In today’s electronic age you can never have enough USB charging ports and electrical outlets in your RV. This is especially true for those of us who work while on the road. My office is actually located at home, but when I travel or I’m on vacation, I often take my work with me. Such was the case last month when I took a combined business and vacation trip to Salt Lake City and southern Utah in the truck camper. With all the laptops, iPads, and iPhones we brought along with us, a single 110 volt AC outlet didn’t come close to supplying all of our power needs. More was needed.
Most of the electronic devices we use recharge using USB ports. At home we use the little USB Dock Chargers that came with our iPhones and iPads, but each takes up a single AC outlet. Making matters worse, when we’re camping off-the-grid, which is most of the time, we have only one 110 volt AC outlet (this runs off of our 300 watt Morningstar pure sine wave inverter). Using the USB Dock Chargers filled up this outlet, so during the trip we picked up an AC outlet adapter equipped with three AC outlets and two USB ports for $15. This was a big help for us on this business trip, but more USB charging ports were still needed.
Fortunately, I had recently ordered several DC outlets and USB charging ports from Blue Sea Systems. This shipment included what Blue Sea calls a “1478 360 Panel,” a modular, integrated unit that has a 12 volt outlet on one side and a dual USB charging port on the other. Yes, Blue Sea’s stuff is spendy, but their products are extremely well made, have a lifetime warranty, and have higher than normal operating specs. For instance, most 12 volt outlets on the market are rated for 5 amps, but Blue Sea’s marine quality outlets are rated for a whopping 15 amps (each USB port has a rated output of 2.1 amps). A great feature about this Blue Sea panel is that the components are removable and interchangeable. If you want another dual USB charging port all you have to do is remove the 12 volt outlet and install a USB port instead.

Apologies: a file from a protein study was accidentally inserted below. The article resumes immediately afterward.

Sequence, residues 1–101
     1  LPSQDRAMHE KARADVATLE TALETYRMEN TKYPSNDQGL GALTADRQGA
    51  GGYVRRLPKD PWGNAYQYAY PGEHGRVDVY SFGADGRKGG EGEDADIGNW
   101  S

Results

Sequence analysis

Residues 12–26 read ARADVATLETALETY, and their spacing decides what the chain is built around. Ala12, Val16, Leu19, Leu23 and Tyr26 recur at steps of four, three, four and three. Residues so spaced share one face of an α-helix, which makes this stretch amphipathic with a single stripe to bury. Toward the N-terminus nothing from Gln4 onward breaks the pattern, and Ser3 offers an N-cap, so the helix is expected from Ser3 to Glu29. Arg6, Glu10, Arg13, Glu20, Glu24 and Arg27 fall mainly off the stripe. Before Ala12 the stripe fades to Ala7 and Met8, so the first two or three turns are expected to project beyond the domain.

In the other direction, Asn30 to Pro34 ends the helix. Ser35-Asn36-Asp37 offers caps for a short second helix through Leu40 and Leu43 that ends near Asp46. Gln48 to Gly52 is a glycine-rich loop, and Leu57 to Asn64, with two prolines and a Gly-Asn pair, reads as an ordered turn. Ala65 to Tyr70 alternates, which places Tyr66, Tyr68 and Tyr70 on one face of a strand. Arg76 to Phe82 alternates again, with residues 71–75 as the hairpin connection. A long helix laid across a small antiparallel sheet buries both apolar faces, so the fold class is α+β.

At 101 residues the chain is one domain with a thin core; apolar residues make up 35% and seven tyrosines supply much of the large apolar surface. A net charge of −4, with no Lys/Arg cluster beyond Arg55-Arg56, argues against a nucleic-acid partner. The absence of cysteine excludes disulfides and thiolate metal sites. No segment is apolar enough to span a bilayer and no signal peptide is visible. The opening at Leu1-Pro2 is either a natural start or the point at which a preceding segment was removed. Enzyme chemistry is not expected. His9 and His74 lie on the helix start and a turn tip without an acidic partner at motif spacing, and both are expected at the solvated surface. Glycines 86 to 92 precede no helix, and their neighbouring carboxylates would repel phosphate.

Installing the panel itself wasn’t too difficult, though a little planning was required. The most difficult part was looking for a suitable location that could easily be reached and had access to 12 volt wiring. A low point in the dinette area was the obvious place to mount this panel, but no 12 volt wiring existed where we wanted to put it. Fortunately, the large dinette cubby already had a hole drilled in the floor to pass 110 volt AC Romex, so I wouldn’t need to drill another one. All I’d need to do was pass two new 12 volt wires through the existing hole and fish the wire in the void between the floor underneath and the fresh water tank. It sounds difficult, but it wasn’t too bad with the help of a mirror, flashlight, and a clothes hanger fashioned into a large hook to grab hold of the two wires.